The Light Boat Horse reminded Di from Bendigo that she had recently seen war horses created by Judith Leman, a Australian artist who is passionate about horses.
It was her great love of horses and her family’s history of military service that inspired Judith Leman to create a series of sculptures recognising the vital role horses played in the First World War. The sculptures tell the stories of the horses being transported to Egypt, of their suffering in the harsh conditions, and then charging into battle, and a soldier’s grief at returning to Australia without his horse. “I’m just hoping people will look and stop and think about what the conditions were for everyone concerned – the horses and the soldiers,” said Leman. Here we see Judith Leman at work in her studio: The horses can’t talk, and I’m hoping this provides a voice for them. (awm.gov.au/Australian War Memorial)
“My grandfather, Marcel Leman, was also passionate about horses and he bought my first horse for me. He was an artist who was in the Belgian artillery and he had a war horse, so it stems from there as well”, said Leman.
”I’ve been painting all my life and I just dreamed horses,” she (Leman) said. “I can remember drawing horses at the age of six and learning to ride at eight.” (Australian War Memorial Facebook Page)
Eight million horses, countless donkeys and mules world-wide were killed in World War 1., 1914-1918. In the dark hours of Australian history 136,000 Australian horses were sent to war. (judithleman.com.au) This beautiful sculpture is titled By Ship They Sailed.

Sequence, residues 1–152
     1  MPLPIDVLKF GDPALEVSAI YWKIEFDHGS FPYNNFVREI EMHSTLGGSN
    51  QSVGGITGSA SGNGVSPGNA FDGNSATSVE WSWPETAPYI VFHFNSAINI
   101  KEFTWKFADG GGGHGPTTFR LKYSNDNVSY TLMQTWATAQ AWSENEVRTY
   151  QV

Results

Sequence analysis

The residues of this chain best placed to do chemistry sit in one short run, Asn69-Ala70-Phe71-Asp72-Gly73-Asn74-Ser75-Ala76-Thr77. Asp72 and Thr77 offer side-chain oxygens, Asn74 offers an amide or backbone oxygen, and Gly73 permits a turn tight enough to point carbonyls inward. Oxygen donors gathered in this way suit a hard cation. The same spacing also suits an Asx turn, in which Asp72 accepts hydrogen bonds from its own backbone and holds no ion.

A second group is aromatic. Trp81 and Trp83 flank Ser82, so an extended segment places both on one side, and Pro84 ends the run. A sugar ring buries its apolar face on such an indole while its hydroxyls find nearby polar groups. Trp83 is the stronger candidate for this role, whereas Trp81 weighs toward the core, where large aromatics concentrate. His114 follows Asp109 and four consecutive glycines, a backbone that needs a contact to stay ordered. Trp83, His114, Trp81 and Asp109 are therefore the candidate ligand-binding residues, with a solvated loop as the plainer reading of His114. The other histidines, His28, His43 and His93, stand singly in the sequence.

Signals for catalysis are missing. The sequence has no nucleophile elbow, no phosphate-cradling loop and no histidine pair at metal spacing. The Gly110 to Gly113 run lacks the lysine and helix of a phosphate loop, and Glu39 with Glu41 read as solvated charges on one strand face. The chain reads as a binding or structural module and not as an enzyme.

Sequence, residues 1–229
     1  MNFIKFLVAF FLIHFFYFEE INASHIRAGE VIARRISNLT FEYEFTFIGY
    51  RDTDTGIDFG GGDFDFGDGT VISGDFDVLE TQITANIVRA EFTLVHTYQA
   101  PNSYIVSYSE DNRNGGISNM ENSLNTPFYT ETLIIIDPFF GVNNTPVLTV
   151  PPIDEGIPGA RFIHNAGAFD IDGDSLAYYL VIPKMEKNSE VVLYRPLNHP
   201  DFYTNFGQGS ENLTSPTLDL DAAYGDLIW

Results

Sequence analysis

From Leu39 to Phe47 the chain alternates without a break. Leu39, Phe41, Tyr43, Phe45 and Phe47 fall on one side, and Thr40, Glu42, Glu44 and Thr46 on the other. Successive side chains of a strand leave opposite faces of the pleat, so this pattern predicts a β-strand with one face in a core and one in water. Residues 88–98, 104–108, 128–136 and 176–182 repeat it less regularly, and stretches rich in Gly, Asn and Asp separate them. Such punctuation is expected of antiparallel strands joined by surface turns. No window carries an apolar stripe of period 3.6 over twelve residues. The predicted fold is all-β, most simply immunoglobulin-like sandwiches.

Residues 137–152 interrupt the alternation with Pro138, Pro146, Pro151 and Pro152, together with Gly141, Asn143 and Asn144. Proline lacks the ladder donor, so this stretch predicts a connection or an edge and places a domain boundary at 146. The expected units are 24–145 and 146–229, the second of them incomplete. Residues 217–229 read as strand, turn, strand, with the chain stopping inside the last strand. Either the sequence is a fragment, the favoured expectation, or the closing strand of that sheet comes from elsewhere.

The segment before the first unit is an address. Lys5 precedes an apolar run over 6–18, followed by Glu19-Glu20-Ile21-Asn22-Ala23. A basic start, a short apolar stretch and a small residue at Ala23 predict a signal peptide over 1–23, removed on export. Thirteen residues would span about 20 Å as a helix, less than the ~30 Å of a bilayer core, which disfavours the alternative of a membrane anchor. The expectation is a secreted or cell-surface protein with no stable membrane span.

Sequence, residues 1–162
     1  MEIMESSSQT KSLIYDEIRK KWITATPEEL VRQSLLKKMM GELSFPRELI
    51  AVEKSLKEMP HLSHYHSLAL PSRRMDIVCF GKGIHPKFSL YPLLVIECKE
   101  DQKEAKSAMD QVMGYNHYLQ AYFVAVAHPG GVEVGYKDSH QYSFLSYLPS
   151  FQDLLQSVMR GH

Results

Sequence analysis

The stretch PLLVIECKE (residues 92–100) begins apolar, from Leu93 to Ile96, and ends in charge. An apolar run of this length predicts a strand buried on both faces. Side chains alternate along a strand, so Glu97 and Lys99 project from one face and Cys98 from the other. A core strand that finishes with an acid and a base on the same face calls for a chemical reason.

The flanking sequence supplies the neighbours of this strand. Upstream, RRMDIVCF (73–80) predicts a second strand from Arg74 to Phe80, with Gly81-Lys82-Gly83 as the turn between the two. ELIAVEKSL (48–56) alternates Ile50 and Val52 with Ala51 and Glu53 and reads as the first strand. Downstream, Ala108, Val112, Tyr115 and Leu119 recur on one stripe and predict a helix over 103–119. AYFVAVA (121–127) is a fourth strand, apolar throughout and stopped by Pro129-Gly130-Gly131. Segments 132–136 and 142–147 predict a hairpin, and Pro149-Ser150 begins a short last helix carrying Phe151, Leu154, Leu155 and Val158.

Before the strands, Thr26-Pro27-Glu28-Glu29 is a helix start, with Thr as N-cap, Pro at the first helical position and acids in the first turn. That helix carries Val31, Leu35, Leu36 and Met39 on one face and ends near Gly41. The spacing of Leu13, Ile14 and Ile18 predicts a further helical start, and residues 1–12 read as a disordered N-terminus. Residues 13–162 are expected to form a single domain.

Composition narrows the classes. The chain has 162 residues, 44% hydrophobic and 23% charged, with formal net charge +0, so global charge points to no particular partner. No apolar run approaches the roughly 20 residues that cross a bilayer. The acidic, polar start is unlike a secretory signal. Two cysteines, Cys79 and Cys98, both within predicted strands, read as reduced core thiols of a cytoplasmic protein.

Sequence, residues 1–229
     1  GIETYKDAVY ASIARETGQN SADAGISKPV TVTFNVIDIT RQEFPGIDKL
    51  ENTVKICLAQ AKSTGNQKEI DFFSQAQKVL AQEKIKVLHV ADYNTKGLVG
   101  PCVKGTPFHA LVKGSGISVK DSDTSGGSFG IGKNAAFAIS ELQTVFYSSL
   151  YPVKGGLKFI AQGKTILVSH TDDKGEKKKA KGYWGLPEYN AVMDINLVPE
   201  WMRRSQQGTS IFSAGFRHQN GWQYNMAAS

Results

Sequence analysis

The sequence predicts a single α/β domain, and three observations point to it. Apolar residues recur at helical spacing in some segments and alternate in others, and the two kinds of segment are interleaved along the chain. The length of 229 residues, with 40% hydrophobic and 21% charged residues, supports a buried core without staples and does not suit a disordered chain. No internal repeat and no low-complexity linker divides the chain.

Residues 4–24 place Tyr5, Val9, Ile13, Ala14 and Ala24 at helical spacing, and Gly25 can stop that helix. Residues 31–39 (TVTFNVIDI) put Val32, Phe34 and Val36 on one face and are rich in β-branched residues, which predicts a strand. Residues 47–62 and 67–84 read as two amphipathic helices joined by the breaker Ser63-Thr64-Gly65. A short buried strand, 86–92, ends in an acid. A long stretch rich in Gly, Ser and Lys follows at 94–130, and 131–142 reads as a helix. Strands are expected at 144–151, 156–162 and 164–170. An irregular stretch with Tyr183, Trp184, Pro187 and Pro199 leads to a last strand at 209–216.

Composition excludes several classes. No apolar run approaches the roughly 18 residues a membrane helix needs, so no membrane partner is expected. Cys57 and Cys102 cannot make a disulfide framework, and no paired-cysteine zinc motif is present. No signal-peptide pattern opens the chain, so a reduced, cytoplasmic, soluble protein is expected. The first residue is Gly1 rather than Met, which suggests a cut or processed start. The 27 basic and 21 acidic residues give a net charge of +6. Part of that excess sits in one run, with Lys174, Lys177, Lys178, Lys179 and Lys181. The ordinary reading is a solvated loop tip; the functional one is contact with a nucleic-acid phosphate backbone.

In October 2017 Judith Leman's sculptures were on display in the Reg Saunders Gallery at the Australian War Memorial (Canberra) to mark the 100th anniversary of the Battle of Beersheba where the charge of the 4th Australian Light Horse occurred late in the afternoon of 31 October 1917 in what was then Ottoman Syria. It is remembered as the last great cavalry charge known as The Charge of the Light Brigade. Below is Leman's sculpture titled For He Could Go No Further: Lest We Forget with which she won The Victorian Artists Society Sculpture Prize in 2017.
Judith Leman explains that at the end of the war, the horses were not granted a pass to come home. As humans we are their source of food, comfort and safety. However, humanity devised their source of pain, anxiety and death.The attachment between Trooper and Horse defies the logic of what became an appalling atrocity of life – Human and Animal. Leman’s The Last Good-bye commemorates the Australian Light Horse and the Troopers who tragically had to shoot their horses before returning home.
The last goodbye says it all.